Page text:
This orbit is a special case of the polar orbit. Like a polar orbit, the satellite travels from the north to the south poles as the Earth turns below it. In a sun-synchronous orbit, though, the satellite passes over the same part of the Earth at roughly the same local time each day. This can make communication and various forms of data collection very convenient. For example, a satellite in a sun-synchronous orbit could measure the air quality of Ottawa at noon.
There is a special kind of sun-synchronous orbit called a dawn-to-dusk orbit. In a dawn-to-dusk orbit, the satellite trails the Earth's shadow. When the sun shines on one side of the Earth, it casts a shadow on the opposite side of the Earth. (This shadow is night-time.) Because the satellite never moves into this shadow, the sun's light is always on it (sort of like perpetual daytime). Since the satellite is close to the shadow, the part of the Earth the satellite is directly above is always at sunset or sunrise. That is why this kind of orbit is called a dawn-dusk orbit. This allows the satellite to always have its solar panels in the sun.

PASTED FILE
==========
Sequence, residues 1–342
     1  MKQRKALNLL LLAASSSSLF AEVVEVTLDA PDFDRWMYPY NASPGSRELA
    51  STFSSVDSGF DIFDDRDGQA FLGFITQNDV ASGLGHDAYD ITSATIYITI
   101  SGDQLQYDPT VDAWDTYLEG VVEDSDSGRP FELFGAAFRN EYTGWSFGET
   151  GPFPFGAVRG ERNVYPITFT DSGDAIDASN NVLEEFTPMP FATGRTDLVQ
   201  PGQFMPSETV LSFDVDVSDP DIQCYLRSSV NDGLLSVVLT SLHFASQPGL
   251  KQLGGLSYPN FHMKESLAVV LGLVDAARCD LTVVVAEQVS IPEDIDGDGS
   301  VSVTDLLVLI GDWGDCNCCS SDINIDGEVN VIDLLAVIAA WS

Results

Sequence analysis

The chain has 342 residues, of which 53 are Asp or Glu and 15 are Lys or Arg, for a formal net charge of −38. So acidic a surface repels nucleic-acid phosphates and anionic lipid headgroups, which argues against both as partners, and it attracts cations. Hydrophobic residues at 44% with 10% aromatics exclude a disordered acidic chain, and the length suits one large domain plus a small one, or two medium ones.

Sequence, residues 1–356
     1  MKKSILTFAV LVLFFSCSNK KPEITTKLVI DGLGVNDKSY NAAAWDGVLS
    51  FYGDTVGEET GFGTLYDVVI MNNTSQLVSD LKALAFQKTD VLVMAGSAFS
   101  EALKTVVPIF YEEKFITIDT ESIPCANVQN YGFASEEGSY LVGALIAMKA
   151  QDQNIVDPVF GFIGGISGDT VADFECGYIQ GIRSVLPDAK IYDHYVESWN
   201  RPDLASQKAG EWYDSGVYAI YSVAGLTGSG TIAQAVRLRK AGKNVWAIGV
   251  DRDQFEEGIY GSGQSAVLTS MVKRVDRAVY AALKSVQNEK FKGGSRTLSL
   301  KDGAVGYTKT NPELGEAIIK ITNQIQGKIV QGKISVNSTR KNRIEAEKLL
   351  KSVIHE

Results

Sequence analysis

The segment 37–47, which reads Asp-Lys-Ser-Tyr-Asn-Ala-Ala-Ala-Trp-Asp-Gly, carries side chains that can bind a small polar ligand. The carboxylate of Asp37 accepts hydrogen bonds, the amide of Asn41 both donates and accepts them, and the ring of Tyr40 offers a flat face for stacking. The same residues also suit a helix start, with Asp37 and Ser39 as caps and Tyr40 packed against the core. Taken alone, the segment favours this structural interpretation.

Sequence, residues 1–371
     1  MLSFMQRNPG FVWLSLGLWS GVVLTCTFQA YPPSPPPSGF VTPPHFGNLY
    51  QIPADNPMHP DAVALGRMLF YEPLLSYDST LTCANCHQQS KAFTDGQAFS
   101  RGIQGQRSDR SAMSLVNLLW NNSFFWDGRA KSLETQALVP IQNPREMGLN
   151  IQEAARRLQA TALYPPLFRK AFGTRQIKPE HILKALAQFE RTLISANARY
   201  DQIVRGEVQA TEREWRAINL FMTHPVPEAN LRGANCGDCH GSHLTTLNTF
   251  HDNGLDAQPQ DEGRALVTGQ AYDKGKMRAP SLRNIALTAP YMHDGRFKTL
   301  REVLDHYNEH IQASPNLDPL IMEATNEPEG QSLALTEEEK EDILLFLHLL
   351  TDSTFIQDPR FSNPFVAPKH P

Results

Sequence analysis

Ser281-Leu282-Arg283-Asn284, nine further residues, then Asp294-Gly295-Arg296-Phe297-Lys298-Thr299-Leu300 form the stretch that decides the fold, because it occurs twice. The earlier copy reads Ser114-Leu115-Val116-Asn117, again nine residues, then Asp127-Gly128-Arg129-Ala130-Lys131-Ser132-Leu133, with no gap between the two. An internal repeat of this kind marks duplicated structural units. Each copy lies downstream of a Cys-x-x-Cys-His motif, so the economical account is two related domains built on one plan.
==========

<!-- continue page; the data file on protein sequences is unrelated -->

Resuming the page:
Generally, sun-synchronous orbits are medium or low orbits.
Radarsat is an example of a satellite in a low sun-synchronous orbit. Radarsat is in orbit 798 kilometres above the Earth, at an angle of inclination of 98.6 degrees to the equator as it circles the globe from pole to pole. Radarsat relies on its dawn-to-dusk orbit to keep its solar panels facing the sun almost constantly. Radarsat can therefore rely mostly on solar power and not on batteries.